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Food products need environmental impact labels

A new study led by the University of Oxford has evaluated the environmental impacts of over 57,000 food products that people consume on a daily basis. While many previous studies have assessed the environmental impact of food commodities such as fruits, wheat, or beef, most food products contain a variety of different ingredients that all have an impact on the environment during processes of production, harvesting, transporting, and processing. Better understanding the environmental footprint of each of these processes and ingredients could enable the transition to a more sustainable food system, while also improving people’s health.

“The goal is to have a simpler, and more rigorous quantitative way to inform consumers about the tens of thousands of different items they might buy in a grocery store,” said study co-author David Tilman, an ecologist at the University of California, Santa Barbara.

The analysis revealed that beef and lamb take the greatest toll on the environment, with impacts far superseding those of other products on the higher end of the environmental impact scale, such as chicken, fish and seafood, or nuts. By contrast, plant-based grocery foods like rice or flat-breads, as well as processed drinks such as sodas or energy drinks were rated at the lowest impact level among the food products that were assessed.

According to the scientists, diets that include healthy, less processed foods also tend to be healthier for the environment. Thus, plant-based foods are on the healthier end of the scale for both humans and the environment, while highly-processed grains or dairy products verge towards the less-healthy end.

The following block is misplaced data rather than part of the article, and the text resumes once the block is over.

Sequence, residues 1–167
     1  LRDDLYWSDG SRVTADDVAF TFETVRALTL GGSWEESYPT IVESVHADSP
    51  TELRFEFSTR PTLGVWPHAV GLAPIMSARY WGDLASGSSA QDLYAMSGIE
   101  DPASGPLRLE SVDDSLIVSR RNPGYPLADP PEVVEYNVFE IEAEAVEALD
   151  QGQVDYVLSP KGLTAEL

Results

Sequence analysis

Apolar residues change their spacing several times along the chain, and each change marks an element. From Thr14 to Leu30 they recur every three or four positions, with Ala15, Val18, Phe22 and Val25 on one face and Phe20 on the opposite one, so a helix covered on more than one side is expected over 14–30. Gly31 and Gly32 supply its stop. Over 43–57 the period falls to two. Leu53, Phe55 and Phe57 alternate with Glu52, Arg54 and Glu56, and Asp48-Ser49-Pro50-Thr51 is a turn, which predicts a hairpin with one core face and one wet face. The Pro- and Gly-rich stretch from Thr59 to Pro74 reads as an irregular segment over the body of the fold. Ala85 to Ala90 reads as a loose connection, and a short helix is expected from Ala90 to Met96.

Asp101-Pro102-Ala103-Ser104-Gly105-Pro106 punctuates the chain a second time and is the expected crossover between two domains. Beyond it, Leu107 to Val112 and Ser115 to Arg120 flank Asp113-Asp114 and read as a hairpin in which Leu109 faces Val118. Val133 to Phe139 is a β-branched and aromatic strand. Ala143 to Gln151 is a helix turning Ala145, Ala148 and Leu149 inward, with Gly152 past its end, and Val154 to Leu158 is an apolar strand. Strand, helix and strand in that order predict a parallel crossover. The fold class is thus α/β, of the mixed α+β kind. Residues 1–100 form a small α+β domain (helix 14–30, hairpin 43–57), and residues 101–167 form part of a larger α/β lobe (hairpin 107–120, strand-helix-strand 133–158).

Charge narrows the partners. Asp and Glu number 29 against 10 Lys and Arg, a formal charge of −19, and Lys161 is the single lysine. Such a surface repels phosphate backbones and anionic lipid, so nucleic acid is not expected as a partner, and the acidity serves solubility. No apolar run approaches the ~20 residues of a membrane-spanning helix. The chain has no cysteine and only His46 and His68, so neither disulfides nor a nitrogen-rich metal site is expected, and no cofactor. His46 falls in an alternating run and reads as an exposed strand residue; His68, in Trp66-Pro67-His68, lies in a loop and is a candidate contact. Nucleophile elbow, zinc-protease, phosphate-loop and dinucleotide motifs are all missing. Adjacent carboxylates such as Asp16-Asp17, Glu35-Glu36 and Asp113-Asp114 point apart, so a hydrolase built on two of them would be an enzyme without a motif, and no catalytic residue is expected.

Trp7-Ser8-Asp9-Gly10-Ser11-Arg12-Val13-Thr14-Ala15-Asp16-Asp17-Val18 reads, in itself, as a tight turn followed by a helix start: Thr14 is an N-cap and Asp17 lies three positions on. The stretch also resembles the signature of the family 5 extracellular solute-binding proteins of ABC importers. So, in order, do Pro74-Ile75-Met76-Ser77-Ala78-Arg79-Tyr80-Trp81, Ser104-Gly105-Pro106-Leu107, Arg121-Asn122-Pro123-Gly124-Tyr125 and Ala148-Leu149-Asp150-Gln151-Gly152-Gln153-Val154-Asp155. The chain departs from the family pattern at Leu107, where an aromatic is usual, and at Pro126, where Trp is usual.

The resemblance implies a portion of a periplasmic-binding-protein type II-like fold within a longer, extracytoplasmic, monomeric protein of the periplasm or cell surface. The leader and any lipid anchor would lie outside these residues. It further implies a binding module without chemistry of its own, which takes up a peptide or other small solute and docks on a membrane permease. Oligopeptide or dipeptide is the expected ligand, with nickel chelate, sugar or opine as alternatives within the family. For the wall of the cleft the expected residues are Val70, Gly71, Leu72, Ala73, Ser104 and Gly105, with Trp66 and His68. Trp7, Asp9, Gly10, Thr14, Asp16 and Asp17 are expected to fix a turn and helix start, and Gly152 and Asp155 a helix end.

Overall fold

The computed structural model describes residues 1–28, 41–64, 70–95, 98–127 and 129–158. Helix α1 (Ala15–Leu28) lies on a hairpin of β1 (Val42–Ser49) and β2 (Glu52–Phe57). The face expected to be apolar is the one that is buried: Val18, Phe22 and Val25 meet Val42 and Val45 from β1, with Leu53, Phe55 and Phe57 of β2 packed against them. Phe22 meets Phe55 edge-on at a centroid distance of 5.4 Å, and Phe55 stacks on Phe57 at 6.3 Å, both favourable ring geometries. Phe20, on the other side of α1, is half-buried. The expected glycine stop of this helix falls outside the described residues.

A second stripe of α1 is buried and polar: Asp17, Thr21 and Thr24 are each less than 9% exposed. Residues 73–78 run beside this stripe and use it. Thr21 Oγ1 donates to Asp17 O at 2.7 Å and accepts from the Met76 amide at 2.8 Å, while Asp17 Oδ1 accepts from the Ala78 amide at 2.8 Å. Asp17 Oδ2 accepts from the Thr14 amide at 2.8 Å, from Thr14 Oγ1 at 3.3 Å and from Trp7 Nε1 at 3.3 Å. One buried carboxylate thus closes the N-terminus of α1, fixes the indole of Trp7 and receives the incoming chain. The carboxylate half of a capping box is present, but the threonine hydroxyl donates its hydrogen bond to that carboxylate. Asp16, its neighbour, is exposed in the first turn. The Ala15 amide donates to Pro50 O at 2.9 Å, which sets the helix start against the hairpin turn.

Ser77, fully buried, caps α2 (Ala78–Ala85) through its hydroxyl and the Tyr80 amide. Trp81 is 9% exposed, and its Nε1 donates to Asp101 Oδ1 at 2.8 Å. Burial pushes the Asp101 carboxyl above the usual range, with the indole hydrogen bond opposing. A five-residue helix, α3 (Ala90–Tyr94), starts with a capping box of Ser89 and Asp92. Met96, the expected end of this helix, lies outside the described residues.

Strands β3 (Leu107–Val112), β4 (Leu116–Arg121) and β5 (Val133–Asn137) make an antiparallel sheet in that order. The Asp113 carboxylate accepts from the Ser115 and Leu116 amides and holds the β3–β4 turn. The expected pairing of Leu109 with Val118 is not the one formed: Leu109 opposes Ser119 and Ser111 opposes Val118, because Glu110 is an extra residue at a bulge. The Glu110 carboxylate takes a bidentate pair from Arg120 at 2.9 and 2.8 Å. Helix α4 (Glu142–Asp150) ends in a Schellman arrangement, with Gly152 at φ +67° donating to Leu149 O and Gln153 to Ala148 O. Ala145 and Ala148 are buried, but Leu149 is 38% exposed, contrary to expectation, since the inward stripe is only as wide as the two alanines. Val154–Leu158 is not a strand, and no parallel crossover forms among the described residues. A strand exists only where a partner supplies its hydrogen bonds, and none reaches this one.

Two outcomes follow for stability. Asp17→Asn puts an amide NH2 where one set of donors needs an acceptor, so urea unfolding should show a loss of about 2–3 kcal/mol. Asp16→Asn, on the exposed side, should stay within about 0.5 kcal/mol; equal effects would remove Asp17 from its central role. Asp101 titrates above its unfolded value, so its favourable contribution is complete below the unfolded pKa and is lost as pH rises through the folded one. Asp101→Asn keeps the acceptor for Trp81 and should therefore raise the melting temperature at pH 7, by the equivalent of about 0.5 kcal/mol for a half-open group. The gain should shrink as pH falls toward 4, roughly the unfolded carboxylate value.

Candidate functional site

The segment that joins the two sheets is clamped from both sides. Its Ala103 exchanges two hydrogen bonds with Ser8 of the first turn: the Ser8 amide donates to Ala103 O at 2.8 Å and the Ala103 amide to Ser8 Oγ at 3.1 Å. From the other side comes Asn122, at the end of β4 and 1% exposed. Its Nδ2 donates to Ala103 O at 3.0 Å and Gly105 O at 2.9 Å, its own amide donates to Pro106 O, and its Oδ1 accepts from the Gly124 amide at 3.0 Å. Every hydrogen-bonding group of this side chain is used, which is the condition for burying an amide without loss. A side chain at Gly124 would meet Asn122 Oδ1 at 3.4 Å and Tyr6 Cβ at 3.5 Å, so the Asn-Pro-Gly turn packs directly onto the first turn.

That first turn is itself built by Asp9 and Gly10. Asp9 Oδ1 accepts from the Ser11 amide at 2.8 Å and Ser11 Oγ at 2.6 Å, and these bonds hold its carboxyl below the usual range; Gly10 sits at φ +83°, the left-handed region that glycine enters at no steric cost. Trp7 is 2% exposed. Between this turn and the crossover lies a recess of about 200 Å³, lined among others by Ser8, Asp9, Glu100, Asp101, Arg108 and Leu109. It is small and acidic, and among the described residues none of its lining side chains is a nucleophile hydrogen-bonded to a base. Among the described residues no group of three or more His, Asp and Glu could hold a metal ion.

“The healthiest diets that we know of are variants on the classical Mediterranean diet, which has many servings of fruits and vegetables a day, and whole grains,” Dr. Tilman explained. “Whole grain has the advantage of having fiber, which helps slow the rate at which starch becomes sugars.” Other healthy, nutritious, and environmentally-friendly diets include vegetarian and pescatarian diets.

Further research is needed to refine the scientists’ assessment, since there is a lot of variability in the proportion and type of ingredients in similar foods, which can lead to differences in health and environmental impacts. However, if more comprehensive information about the impacts of food products on both human health and the environment becomes more widely available, consumers will be able to make better, more informed choices for their diets.

“I hope this information ends up on packages. And I hope because it’s on packages that companies that make different foods will willingly tell us the exact ingredients and amounts in their foods, so we can give the most rigorous, honest evaluation of their product,” Dr. Tilman concluded.

The study is published in the journal Proceedings of the National Academy of Sciences.

By Andrei Ionescu, Staff Writer  

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